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Lisztomania

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Almost a year after his death, Warner Archive brings one of his wildest — and that’s saying something — to a long-overdue American DVD release with 1975’s Lisztomania.

Based loosely — in every sense of the word — on the life of Franz Liszt, it’s a musical comedy horror sex fantasy unlike any you’ve ever seen. Renowned in 19th-century real life as a Hungarian pianist of unparalleled skill, he’s portrayed here (by The Who vocalist Roger Daltrey) as the rock star of his era and a man who elicits as many screams onstage as he does in bed with his conquests. By Russell’s anything-goes account, The Beatles of 1964 had nothing on Liszt, who could have audiences madly chanting for “Chopsticks,” and could alternate kissing a woman’s nipples in time to any speed set by a bedside metronome.

Raunchy sight gags abound, much ado about phallic imagery. There are fantasy sequences galore, such as Liszt traveling through woman's vaginal walls like a funhouse slide, but Lisztomania is one of those works where fantasy and reality seem to reside on the same piece of property. With Listz selling his soul to make music that soothes the savage beast, Russell’s script is rife with everything from voodoo to vampires, Ringo Starr and Dr. Frankenstein, Charlie Chaplin and Frederic Chopin, Richard Wagner and Adolf Hitler, Superman and Thor — and no, he’s not above using fart noises for comic effect atop a film that already is comic effect.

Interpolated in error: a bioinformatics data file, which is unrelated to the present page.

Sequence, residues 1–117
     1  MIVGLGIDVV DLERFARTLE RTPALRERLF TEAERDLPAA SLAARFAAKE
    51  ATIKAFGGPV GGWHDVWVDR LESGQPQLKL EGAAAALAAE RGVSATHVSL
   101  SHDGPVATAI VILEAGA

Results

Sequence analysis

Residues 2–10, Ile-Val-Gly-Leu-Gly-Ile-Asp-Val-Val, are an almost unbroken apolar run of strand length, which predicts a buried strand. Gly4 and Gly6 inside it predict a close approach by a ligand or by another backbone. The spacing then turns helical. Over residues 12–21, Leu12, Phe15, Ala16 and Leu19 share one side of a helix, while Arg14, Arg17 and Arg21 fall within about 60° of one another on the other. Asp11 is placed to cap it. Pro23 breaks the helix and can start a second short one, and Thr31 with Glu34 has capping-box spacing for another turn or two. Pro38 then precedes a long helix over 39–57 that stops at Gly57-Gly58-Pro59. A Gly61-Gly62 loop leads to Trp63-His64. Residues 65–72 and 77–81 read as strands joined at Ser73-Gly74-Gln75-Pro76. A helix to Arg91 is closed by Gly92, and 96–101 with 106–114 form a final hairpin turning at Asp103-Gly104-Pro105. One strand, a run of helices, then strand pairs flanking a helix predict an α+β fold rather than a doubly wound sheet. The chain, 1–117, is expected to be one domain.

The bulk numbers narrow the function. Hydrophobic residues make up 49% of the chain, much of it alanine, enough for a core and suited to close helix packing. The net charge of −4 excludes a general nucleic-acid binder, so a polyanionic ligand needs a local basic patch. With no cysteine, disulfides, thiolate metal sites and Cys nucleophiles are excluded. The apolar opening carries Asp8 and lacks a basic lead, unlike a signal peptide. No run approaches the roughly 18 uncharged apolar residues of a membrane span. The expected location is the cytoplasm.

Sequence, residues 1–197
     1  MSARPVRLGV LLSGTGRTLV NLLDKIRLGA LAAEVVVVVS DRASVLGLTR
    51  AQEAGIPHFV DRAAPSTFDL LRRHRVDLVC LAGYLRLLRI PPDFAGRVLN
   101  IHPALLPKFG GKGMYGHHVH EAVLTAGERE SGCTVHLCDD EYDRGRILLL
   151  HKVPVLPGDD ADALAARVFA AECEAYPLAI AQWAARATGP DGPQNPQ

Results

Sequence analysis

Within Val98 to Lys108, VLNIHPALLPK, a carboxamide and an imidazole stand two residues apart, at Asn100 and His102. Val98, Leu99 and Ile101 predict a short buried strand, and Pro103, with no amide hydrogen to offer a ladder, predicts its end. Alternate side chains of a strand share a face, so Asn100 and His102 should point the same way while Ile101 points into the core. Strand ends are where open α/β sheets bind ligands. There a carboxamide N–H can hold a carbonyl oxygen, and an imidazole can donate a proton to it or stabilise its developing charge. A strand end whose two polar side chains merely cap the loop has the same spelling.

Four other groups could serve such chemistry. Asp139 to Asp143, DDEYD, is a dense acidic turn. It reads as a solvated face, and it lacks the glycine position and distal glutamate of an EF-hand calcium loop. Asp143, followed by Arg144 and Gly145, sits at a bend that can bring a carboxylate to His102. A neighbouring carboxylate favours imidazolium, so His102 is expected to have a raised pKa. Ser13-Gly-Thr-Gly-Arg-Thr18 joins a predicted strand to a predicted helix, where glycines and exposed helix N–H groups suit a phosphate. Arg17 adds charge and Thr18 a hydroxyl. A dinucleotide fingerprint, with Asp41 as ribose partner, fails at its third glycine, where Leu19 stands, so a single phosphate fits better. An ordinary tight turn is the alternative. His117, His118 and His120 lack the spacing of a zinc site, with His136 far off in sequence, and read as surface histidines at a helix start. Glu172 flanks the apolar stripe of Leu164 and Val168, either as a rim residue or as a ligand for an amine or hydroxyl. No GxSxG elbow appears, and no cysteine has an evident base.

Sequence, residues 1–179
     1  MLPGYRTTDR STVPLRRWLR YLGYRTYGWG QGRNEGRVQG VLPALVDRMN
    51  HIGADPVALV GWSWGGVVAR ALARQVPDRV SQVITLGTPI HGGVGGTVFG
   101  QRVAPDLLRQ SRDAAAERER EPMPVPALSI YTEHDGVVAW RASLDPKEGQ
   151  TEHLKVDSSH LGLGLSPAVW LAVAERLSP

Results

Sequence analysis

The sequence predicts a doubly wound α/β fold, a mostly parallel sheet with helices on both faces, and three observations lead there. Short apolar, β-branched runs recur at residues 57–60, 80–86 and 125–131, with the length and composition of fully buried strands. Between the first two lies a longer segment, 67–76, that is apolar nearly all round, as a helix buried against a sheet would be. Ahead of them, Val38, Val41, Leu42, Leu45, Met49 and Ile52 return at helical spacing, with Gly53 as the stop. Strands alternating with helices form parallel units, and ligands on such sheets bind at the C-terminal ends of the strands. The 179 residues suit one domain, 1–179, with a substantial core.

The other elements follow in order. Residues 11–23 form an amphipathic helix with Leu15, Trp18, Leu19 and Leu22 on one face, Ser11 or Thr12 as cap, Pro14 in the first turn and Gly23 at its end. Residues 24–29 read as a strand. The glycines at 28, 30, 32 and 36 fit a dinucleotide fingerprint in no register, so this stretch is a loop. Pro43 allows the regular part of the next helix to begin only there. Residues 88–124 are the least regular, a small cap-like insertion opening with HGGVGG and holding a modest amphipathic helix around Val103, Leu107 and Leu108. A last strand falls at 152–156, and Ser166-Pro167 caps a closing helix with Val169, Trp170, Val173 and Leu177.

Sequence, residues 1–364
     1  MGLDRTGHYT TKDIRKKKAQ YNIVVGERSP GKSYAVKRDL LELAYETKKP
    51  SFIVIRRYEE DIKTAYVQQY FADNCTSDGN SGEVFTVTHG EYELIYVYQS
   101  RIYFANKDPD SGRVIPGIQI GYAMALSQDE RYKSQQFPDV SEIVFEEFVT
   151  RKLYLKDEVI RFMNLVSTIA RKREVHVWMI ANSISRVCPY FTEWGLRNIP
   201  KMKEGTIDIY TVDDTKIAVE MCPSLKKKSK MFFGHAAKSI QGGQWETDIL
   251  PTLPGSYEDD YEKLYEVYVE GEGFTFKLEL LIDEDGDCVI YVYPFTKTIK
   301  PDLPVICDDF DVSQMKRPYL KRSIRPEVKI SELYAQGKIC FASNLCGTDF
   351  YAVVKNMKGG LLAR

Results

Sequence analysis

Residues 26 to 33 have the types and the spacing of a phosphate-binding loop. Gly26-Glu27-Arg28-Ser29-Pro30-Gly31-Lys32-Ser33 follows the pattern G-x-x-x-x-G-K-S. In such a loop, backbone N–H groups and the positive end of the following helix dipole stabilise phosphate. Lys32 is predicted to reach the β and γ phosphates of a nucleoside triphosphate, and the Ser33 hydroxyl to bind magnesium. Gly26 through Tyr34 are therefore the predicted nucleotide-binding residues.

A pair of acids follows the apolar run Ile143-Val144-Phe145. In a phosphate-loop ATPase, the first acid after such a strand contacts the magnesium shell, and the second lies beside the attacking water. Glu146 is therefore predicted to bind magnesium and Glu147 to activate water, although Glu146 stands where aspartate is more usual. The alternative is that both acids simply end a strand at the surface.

It’s certainly something else; I’m just not quite sure what. But the ride was undoubtedly an original, orgasmic romp of success, excess and that thing you do that exists betwixt the two: sex. —Rod Lott

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